I’ve been wondering why the Hellcat is rumoured to be a supercharged 6.2 Liter engine, and not a supercharged 6.4 Liter. Are there some design considerations that would warrant machining a separate block, heads, pistons, etc.? From strictly a manufacturing point of view, it would seem cheaper to slap a supercharger on the 392 and go from there. Maybe this question has been asked before, and it could all be speculation anyway. I am interested in knowing if there are benefits to the 6.2 L from an engineering standpoint.
After today's preview at the NY auto show, I don't think you're even going to see a 6.2 supercharged hell cat with a dodge name on it, hasn't anyone noticed there are no Challenger SRT's being talked about, they are calling them Scat pack cars and 392 R/T's. As of January you could not order a SRT from Dodge and then in late Feb you no longer could order a Core SRT which seems to be the new 392 R/T. The question is, is the SRT Challenger gone only to return as a SRT brand Hellcat or something with some stupid price tag like the viper which by the way has been taking up space at my local dealer ever since they introduced it and if I was stupid enough I could probably by below cost and they would love me for at least a while.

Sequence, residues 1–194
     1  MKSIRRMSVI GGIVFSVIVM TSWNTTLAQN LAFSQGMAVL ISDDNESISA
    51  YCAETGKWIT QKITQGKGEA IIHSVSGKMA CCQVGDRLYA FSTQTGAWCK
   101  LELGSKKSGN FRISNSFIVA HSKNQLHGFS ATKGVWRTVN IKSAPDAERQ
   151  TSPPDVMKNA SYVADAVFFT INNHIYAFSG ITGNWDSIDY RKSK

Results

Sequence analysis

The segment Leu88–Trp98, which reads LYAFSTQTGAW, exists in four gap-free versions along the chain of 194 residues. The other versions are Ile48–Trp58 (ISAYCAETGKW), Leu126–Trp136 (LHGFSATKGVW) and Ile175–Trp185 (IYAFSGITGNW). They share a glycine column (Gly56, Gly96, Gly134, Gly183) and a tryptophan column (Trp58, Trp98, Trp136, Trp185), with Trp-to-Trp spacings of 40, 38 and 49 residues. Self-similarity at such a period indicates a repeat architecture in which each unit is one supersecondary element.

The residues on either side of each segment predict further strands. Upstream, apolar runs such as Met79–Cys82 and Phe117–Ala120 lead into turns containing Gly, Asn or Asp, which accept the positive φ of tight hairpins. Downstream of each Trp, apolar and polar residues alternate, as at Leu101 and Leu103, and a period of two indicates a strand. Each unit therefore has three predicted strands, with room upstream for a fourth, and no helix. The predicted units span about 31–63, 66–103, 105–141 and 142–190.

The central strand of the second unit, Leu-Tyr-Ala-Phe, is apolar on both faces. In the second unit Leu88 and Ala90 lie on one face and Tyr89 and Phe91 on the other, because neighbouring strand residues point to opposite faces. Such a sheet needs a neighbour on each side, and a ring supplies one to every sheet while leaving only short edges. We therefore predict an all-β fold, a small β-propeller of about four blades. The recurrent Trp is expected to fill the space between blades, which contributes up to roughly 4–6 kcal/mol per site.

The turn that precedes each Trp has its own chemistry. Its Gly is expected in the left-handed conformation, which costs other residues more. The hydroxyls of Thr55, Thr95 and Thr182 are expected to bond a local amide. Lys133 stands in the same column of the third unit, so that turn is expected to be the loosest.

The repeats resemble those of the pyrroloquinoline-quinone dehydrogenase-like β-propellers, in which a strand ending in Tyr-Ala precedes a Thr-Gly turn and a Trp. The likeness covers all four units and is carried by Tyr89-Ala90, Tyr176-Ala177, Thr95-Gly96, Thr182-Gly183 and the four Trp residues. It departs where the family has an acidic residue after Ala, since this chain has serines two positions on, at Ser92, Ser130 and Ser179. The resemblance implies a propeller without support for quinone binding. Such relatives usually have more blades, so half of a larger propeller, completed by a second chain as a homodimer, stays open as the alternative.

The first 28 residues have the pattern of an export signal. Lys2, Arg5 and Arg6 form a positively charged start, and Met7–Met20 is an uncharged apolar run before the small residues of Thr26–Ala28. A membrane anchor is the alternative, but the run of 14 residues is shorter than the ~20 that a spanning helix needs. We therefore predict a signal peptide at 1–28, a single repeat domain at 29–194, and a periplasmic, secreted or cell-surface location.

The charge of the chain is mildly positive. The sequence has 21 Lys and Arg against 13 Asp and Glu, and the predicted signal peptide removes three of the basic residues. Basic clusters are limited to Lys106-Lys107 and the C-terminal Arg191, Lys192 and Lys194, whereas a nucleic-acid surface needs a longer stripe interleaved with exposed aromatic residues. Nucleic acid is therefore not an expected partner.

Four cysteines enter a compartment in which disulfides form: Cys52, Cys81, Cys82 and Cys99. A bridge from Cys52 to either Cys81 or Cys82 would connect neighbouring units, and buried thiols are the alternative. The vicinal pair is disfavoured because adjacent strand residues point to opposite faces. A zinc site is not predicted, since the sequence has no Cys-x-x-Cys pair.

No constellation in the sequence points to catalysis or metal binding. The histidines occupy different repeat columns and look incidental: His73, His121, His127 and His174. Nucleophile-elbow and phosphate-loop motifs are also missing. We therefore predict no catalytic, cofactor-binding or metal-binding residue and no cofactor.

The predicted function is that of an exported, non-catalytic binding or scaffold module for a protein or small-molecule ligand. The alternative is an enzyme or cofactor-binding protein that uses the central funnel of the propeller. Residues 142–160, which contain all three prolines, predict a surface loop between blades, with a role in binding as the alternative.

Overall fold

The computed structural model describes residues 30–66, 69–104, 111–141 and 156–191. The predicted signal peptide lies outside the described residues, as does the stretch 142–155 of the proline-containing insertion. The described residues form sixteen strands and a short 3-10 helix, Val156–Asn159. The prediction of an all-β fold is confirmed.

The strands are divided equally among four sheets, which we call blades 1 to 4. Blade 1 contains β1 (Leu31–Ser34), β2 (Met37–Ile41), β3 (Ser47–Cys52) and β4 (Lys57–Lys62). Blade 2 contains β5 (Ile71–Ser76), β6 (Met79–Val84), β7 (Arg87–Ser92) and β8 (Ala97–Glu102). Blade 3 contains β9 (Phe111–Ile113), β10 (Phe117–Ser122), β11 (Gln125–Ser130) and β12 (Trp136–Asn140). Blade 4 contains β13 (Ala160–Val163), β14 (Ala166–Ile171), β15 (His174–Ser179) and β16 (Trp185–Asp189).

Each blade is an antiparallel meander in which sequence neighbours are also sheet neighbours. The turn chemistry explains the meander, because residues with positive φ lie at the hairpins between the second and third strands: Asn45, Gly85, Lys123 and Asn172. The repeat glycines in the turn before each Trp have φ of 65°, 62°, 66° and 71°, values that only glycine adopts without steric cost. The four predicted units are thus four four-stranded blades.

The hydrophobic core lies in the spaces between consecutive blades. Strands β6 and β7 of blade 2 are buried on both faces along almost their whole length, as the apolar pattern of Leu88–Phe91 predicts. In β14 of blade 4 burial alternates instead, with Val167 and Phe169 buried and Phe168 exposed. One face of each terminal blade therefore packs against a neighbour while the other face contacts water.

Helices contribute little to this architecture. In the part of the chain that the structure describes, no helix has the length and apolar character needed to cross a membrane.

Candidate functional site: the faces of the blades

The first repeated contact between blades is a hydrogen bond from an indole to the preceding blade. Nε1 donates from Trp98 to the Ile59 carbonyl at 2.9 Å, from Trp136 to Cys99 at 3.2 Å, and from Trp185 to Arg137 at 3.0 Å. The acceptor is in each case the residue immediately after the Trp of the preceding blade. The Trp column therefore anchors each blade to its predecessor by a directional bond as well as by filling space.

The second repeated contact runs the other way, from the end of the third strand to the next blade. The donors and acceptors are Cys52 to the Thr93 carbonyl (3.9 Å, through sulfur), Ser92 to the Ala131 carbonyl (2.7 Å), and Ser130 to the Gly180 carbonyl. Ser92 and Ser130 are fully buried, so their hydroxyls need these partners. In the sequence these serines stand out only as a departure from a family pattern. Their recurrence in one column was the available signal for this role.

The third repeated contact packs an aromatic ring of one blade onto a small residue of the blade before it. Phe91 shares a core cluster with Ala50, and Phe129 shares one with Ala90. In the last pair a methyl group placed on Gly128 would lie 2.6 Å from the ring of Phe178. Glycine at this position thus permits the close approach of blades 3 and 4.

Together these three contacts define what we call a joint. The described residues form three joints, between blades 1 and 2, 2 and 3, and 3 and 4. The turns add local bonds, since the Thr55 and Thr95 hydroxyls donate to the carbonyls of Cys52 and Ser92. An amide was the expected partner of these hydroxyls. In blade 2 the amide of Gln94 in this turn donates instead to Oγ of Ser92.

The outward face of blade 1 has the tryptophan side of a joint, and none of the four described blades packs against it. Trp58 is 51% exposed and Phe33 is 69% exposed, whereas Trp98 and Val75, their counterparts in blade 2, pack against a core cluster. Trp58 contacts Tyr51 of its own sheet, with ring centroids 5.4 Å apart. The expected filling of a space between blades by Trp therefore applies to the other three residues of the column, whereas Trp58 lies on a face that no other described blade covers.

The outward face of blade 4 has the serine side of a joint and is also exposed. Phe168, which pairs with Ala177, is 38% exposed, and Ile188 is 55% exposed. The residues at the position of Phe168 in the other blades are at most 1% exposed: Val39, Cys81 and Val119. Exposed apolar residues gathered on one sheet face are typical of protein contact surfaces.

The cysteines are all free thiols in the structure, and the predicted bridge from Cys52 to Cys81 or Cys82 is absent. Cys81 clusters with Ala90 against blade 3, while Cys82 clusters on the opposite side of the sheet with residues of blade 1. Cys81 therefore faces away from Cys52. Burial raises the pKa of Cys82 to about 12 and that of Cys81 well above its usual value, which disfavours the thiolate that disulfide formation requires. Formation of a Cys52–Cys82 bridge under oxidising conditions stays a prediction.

·
Registered
Joined
·
4,964 Posts


“fargo59” wrote that it shares heads with the Apache SRT 6.4 Hemi engine. which may also indicate a large bore, short stroke design (6.4 is 4.090” bore, 6.1 was 4.055”). A 4.090” bore with a 3.58” stroke would be 376 cubic inches, or 6.16 liters. “A 6.4 with a forged 5.7 crankshaft would give the right dimensions and be relatively easy to work; a shorter stroke is also going to give the idea rod to stroke ratio and make it a high revving engine.” Cams are also reportedly similar to the 6.4 design; the block is said to be identical.

Supercharged 6.2 Hemi: ?HellCat V8?
 
1 - 20 of 23 Posts
Top